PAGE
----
Evaluating the community education programme of an insecticide-treated bed net trial on the Kenyan coast.
Marsh VM., Mutemi W., Some ES., Haaland A., Snow RW.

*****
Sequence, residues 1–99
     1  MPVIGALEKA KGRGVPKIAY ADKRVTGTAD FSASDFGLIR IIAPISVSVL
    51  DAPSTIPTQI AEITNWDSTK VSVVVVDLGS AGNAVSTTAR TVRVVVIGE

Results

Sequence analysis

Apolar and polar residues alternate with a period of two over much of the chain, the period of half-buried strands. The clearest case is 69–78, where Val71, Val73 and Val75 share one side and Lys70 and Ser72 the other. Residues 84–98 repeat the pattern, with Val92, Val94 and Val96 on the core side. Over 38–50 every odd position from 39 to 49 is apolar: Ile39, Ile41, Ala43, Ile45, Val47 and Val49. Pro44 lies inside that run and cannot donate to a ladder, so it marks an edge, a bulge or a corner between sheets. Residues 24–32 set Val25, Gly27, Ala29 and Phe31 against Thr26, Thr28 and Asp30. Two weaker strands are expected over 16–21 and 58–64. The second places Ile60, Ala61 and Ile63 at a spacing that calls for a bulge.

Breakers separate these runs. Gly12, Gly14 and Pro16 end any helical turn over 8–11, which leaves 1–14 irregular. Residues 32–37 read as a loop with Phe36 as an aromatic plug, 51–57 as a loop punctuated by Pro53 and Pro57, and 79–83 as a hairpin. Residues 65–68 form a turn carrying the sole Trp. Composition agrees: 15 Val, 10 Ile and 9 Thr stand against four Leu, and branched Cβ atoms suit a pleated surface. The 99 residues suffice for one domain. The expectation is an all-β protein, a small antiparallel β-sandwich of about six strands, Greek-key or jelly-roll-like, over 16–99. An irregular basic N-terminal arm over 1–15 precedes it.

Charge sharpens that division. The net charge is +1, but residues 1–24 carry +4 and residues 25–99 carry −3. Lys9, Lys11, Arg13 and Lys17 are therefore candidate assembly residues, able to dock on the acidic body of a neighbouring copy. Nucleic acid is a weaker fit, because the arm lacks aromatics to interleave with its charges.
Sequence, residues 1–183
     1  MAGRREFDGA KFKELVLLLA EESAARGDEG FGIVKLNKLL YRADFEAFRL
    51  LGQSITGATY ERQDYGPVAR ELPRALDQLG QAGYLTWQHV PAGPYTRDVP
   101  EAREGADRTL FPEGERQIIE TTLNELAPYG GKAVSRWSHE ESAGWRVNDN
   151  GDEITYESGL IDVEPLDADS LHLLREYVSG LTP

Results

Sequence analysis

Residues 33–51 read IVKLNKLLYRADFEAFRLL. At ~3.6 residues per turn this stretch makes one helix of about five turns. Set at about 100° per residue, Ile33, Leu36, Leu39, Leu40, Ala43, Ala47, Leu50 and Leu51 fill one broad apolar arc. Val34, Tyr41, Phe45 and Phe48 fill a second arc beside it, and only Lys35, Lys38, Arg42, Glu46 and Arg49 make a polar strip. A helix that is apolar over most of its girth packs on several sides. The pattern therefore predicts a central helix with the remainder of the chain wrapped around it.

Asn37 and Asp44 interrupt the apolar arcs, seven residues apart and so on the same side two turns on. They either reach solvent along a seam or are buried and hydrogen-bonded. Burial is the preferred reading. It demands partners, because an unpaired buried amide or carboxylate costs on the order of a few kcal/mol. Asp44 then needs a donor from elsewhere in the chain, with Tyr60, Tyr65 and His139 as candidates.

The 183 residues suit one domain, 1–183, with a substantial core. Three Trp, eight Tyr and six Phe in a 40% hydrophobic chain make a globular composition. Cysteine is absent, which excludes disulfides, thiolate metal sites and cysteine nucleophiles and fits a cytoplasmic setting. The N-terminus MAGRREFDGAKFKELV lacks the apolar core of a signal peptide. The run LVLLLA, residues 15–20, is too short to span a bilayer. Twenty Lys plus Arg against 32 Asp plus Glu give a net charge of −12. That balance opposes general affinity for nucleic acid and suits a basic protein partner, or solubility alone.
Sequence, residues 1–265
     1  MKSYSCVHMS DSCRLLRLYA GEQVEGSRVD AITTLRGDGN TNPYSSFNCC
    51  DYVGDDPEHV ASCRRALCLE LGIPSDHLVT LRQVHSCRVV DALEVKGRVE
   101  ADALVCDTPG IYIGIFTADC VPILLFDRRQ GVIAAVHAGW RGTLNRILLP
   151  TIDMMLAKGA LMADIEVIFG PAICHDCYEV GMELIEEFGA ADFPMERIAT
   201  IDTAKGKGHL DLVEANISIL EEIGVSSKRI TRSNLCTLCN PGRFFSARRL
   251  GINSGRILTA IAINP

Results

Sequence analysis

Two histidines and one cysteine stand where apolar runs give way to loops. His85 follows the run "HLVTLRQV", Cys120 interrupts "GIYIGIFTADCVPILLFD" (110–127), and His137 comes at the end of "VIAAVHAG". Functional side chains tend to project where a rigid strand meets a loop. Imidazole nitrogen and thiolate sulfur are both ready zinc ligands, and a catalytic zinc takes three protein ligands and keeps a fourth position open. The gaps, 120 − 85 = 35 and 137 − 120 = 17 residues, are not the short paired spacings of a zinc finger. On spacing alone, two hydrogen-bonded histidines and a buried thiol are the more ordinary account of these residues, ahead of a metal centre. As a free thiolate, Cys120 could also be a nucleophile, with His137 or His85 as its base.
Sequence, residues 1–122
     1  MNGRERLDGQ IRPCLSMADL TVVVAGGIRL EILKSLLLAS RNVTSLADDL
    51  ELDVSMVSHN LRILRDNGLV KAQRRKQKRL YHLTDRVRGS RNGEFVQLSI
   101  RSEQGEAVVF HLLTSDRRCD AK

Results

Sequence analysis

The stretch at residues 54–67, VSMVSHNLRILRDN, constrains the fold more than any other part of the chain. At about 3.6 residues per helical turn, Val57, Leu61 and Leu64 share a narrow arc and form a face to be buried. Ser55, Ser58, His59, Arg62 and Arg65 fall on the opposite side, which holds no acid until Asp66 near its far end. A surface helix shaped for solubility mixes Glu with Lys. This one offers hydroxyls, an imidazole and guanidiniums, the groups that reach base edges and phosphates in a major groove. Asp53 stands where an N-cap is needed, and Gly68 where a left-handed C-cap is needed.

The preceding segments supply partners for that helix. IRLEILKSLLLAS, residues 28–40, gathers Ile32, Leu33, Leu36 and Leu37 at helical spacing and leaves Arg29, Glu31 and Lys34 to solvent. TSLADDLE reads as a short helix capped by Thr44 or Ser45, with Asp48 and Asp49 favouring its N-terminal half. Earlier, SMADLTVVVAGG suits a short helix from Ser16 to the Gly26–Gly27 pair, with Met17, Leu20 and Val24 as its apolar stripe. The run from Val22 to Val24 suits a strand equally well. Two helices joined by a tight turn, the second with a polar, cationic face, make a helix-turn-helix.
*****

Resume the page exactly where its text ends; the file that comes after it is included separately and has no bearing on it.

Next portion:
Increased interest in the potential contribution of insecticide-impregnated bed nets (ITBN) to malaria control has led to research efforts to determine the impact and sustainability of ITBN programmes in differing environments. There is a need to develop effective, feasible educational strategies that will both inform and motivate community members, and thus maximize the correct usage of ITBN. This is especially true in communities where indigenous usage of bed nets is low. This paper describes the educational component of a randomized controlled community intervention trial of ITBN, with childhood malaria morbidity as an outcome. The educational approach and messages for the ITBN trial were developed from anthropological survey data collected 4 years before the trial, and from community surveys conducted by project researchers. Low levels of understanding amongst mothers of the aetiological link between mosquitos and malaria led to the exclusion of the term 'malaria' from the initial educational messages promoting the use of ITBN. Appropriate individuals within the existing district health care structure were trained as community educators in the project. These educators conducted intensive teaching in the community through public meetings and group teaching in the first 6 months of the trial. The impact of these initial activities was assessed through interviews with a random sample of 100 mothers and 50 household heads. This allowed the identification of messages which had not been well understood and further educational methods were chosen to address the areas pinpointed. The community assessment also demonstrated that, in 1994, over 90% of mothers understood a protective role for bed nets against malaria and the ITBN education messages were changed to take account of this. The school programme was evaluated through determining outreach (the number of households accessed), changes in participant children's knowledge, post-teaching assessment of mothers' knowledge and discussions with parent-teacher associations. It was shown that 40% of intervention homes with children in the target group were accessed, participant children learned the educational messages well (scores increased from a pre-teaching mean of 59% to a post-teaching mean of 92%) and a high level of awareness of the ITBN trial was achieved in these homes (75%). However, specific messages of the education programmed were not well transferred to the home (30%). The discussion emphasises the need for allocation of adequate resources for education in programmes dependent on achieving a change in community practices. We also describe the value of ongoing communication between programme planners and a target population in maximizing the effectiveness of messages and methods used.